Nestor Cortes of the Yankees pitches during the first inning against...

Nestor Cortes of the Yankees pitches during the first inning against the Royals at Yankee Stadium on Saturday. Credit: Jim McIsaac

Nestor Cortes pitched well enough to earn his ninth victory on Saturday, allowing two runs in five innings in the Yankees’ 8-2 win over the Royals at Yankee Stadium.

But with Cortes, there’s always a little more to the story than just how he pitches.

In this case, it was how he fields.

“Under this body, there’s a guy that’s athletic,” Cortes said on April 23 after he made what manager Aaron Boone referred to as “the legend of Nestor” play when he dived headfirst into first base to retire Cleveland’s Steven Kwan.

Welcome to another “legend of Nestor” play from Saturday’s second inning.

“Another good play that he can add to his reel,” Boone said.

The Yankees were leading 2-0 and the Royals had runners on first and third when MJ Melendez sent a topper to the third-base side of the mound.

Quick as a cat, Cortes bounded off the mound and fielded the ball while heading toward the third-base line.

The runner at third, Hunter Dozier, had started home. But when he saw Cortes charging at him with ball in hand, Dozier tried to reverse course and go back to third.

Cortes, after a futile attempt to tag Dozier with his glove while the ball was in his bare hand, went into a half-slide along the third-base line, popped up and threw a lollipop to Josh Donaldson at third to nab Dozier for the second out.

“I saw him obviously going for home and I was going to flip to [catcher Jose Trevino],” Cortes said. “As soon as I saw him stop, I went after him because, obviously, I was so close to him. He kind of got me beat on that jab step he took and my momentum was going to tag him, but as soon as I saw that I was out of reach, to slow myself down, I had to slide.”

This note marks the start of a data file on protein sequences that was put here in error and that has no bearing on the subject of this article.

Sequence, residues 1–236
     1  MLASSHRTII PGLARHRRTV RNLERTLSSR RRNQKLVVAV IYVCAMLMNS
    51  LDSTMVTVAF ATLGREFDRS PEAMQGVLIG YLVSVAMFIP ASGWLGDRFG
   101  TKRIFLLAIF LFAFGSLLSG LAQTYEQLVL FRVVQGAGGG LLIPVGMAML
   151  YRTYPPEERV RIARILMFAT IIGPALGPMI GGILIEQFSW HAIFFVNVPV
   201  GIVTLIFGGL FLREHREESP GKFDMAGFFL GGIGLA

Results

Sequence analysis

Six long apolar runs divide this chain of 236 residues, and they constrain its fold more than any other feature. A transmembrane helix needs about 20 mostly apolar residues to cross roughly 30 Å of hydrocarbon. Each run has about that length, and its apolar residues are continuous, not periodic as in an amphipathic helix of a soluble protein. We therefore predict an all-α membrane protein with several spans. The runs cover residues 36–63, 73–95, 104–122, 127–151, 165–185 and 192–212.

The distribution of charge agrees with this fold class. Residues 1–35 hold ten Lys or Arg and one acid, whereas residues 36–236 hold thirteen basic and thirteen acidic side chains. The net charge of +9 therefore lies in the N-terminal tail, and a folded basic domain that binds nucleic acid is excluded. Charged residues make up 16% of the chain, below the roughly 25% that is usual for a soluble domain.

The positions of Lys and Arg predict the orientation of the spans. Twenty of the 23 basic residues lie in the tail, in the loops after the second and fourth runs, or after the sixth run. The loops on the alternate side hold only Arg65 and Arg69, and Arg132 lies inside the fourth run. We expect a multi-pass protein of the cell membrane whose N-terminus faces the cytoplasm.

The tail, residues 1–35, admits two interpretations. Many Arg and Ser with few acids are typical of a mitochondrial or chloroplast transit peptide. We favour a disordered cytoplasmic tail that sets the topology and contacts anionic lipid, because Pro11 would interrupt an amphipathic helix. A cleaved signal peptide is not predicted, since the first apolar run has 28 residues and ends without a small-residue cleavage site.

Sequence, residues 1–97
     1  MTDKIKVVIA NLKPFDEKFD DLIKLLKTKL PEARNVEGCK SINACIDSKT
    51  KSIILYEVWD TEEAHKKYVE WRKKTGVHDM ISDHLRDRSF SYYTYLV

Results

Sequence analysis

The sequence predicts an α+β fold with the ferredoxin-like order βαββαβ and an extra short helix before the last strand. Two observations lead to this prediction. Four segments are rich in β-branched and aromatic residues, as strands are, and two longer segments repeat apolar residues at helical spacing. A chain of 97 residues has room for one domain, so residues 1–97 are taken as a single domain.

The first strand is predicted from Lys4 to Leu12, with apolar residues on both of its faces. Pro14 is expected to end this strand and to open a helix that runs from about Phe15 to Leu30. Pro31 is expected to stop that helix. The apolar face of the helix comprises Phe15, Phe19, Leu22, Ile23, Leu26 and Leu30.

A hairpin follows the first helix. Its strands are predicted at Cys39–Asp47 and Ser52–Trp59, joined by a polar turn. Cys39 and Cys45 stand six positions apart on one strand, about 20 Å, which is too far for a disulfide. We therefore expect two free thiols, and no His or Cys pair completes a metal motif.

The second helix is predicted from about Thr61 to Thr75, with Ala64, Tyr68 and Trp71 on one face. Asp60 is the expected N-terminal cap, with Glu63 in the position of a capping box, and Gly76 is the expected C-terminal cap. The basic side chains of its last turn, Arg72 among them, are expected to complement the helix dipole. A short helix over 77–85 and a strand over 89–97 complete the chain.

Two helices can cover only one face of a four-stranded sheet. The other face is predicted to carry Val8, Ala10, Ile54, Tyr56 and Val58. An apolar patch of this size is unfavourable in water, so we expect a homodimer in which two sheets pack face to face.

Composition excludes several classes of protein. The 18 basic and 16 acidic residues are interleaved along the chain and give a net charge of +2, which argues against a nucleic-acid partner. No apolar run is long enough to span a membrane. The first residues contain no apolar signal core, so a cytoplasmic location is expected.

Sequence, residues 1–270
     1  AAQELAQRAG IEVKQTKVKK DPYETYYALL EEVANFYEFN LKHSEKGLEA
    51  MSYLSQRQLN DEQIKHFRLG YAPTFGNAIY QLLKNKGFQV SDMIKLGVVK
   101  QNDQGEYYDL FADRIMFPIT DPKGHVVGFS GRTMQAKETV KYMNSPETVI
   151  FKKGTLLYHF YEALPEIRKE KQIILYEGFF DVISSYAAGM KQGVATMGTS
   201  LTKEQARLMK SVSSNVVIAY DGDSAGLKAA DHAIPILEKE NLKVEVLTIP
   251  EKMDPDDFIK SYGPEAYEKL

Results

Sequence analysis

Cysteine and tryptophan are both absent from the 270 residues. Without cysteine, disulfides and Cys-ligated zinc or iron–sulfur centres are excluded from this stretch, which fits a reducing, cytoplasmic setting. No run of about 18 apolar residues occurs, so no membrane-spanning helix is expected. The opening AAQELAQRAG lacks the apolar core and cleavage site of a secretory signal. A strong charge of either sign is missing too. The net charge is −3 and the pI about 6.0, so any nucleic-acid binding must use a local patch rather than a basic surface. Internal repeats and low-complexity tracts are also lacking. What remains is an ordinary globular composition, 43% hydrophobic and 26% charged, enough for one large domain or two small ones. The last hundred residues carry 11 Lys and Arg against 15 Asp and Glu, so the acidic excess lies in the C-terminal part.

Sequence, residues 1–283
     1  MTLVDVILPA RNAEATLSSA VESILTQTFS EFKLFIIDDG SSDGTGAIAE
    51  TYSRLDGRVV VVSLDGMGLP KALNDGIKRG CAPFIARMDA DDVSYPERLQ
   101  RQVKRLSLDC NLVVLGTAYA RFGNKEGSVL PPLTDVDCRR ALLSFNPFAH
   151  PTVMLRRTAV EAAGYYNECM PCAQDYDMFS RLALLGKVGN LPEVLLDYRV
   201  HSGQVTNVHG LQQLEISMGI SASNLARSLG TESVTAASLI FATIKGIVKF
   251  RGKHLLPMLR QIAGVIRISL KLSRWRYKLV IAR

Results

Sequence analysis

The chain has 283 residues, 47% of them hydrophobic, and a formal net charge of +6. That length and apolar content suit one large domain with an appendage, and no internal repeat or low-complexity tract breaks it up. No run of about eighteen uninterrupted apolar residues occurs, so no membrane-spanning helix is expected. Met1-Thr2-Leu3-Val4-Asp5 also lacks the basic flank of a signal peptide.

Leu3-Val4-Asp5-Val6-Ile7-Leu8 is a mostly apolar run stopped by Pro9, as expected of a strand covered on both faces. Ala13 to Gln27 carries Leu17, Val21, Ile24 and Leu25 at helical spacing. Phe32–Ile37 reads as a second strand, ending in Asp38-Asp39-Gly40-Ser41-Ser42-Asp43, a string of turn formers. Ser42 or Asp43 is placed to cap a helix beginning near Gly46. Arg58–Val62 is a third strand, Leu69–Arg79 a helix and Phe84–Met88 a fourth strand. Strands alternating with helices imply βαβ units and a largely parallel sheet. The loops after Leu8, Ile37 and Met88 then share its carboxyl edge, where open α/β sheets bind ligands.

Boone had earlier called Cortes’ slide a “slip.”

“It might have been a little bit of both, honestly,” Cortes said. “I played it off like a slide, but I might have slipped.”

As for the throw — which wasn’t artful but got the job done — Cortes said: “Like I’ve said, I pride myself on being an athlete. Thank God it was an out.”

Cortes then caught Maikel Garcia looking at a 94-mph fastball on 3-and-2 to end the inning.

Aaron Judge gave Cortes a 4-0 lead with a two-run homer in the bottom of the second.

The Royals got a run back on Salvador Perez’s third-inning sacrifice fly and pulled within 4-2 on Garcia’s one-out RBI single in the fourth.

With the tying runners on, Cortes got Nicky Lopez to ground into a niftily-turned inning-ending 3-6-3 double play started by DJ LeMahieu.

After a 1-2-3 fifth, Cortes was pulled after 90 pitches with the Yankees ahead 5-2. The Yankees are trying to manage his innings with an eye on a deep October run. The 27-year-old lefthander already is at a career-high 106 1⁄3 innings. His previous high was the 93 innings he threw for the Yankees last season.

“I think I had more in me,” Cortes said. “But, obviously, I’m never going to question his decision-making.”

Boone said he thought about leaving Cortes in for two more batters to get through a lefty. But in the end, Boone went to the resurgent Aroldis Chapman, who fanned two in a perfect sixth. Clarke Schmidt earned his second save with three shutout innings in which he struck out five.

Cortes allowed five hits, walked two and struck out five. The mustachioed fan favorite and first-time All-Star is 9-3 with a 2.53 ERA.

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